Every week Hannibal Tabu (journalist/blogger/novelist/poet/karaoke host/jackass) goes to a comic book store called Comics Ink in Culver City, CA (Overland and Braddock -- hey Steve and Jason) and grabs a whole lotta comics. These periodicals are quickly sorted into two piles -- the "buy" pile (a small pile most weeks, comprised of planned purchases) and the "read" pile (often huge, often including comics that are really crappy but have some value to stay abreast of). Thursdays (Diamond monopolistic practices willing), you'll be able to get his thoughts (and they're just the opinions of one guy, so calm down) about all of that ... which goes something like this ...


Ever get the feeling you're being watched? No, it's not a riff on that Rockwell song, but Hunter Rose is busy spilling blood and continuing his rise to power as the preeminent crime lord of New York City. All while his vassal keeps him well informed, his ward remains blissfully ignorant and a threat slowly begins to emerge. Almost like a "Grendel: Year One" approach, this early look at the ruthlessness of a killer is almost poetic, and every character not directly connected with the arguable protagonist seems befuddled, as if they were struggling through chest-high pudding. If you love rooting for the bad guy, this is manna from heaven.

Ignore the solicitations -- you're not gonna see anything here about the dead soldiers who served with Felony and Zone. Nope, here you just see Zone doing her best John McClane/Jack Bauer impersonation and Zone inexorably marching on despite her best to protect him. The character Felony's zest for life completely permeates this issue, and even when she's in overwhelming personal danger it's clear that she's enjoying her life as a soldier far more than anything she'd known at home as a drop out and a reject. Fun read, fast paced but substantive enough to make this feel complete.

In a strange twist of fate, the French are victoriously marching across Europe, using a hail as a salute with an extended right arm and hand held flat, complete with resplendent red, white and black arm bands. Meanwhile, Brother Moricant hides out in a nunnery and Doctor Sauniere's captors come into contact with quite a surprise. A lot happens here, and it's well contextualized, and it casts the alternative history of the "Rex Mundi" world in a very sinister light. Darkly entertaining for the shadow of what craziness could come.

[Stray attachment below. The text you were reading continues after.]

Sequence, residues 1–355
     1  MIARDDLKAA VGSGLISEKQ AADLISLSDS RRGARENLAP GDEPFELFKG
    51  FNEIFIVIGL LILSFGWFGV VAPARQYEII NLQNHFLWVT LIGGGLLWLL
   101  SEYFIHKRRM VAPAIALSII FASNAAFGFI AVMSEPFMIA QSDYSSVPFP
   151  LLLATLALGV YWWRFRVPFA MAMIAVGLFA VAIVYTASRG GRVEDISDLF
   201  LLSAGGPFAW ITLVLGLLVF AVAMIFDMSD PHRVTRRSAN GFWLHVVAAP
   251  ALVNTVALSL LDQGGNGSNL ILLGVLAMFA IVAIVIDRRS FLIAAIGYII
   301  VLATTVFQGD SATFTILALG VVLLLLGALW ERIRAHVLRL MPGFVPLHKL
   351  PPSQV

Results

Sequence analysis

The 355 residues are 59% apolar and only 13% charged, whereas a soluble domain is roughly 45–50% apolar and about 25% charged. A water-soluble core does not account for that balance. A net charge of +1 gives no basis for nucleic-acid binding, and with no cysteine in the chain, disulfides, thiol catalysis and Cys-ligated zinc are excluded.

Jump from the Read Pile. Also, cover shown here is different than what was available at retail. Finally getting the balance right in this Matt Fraction script, the lead story here focuses on the armored Supernaut, a war veteran and retired Marine turned war protester. He's on a standard mission when a secret government agency shellacks him and a teammate, which leads to a "man down" scenario that is the emotional core of the issue. Meanwhile, team leader Hank Hellrung has a cell phone screaming match with Tony Stark, teammate Mulholland Black has a bad day due to her former involvement with a street gang and the mayor of San Francisco has an international incident. A fascinating international incident. Barry Kitson, Mark Morales and Scott Koblish are doing a fantastic job on art, and colors by Soto and JelenaKevicDjurdjevic are clear and vibrant.


Good reading plus a jump, that's a good start.


Honorable Mentions: Stuff worth noting, even if it's not good enough to buy

The Bat's back at his "Tower of Babel" ways (either that or doing a Tony Stark/Reed Richards impersonation) in "Batman and the Outsiders" #3, which has his team going toe-to-toe with a Justice League task force, picking up another new team member (or old team member, depending on your point of view) all while he outmaneuvers and does things for people's own good, whether they like it or not. It's not bad, but it's not a winner either, because while the story is enjoyable it doesn't do anything to make the Bat an enjoyable lead. Who's got odds on Bruce Wayne spearheading an effort to register or capture metahumans around 2009, when that stupid space zombie crossover is due? Years late and a billion dollars short again ...

No, there's no Fat Cobra, but "Immortal Iron Fist" #112 is closer to the mark than some other issues in the "Seven Capital Cities of Heaven" storyline, as this one brings things more towards the actual events of the Tournament of Immortal Weapons, showcasing the Steel Serpent's new name (Steel Phoenix) and his brutal fighting style while Luke Cage, Misty Knight and Colleen Wing prepare to do battle with a whole village full of Hydra troops armed with way, way too many explosives. Almost like "The Order," the balance of elements here is very close to being right, focusing more on the events in the magical world than the more mundane attempts of Hydra at imposing a military solution to a mystical concern.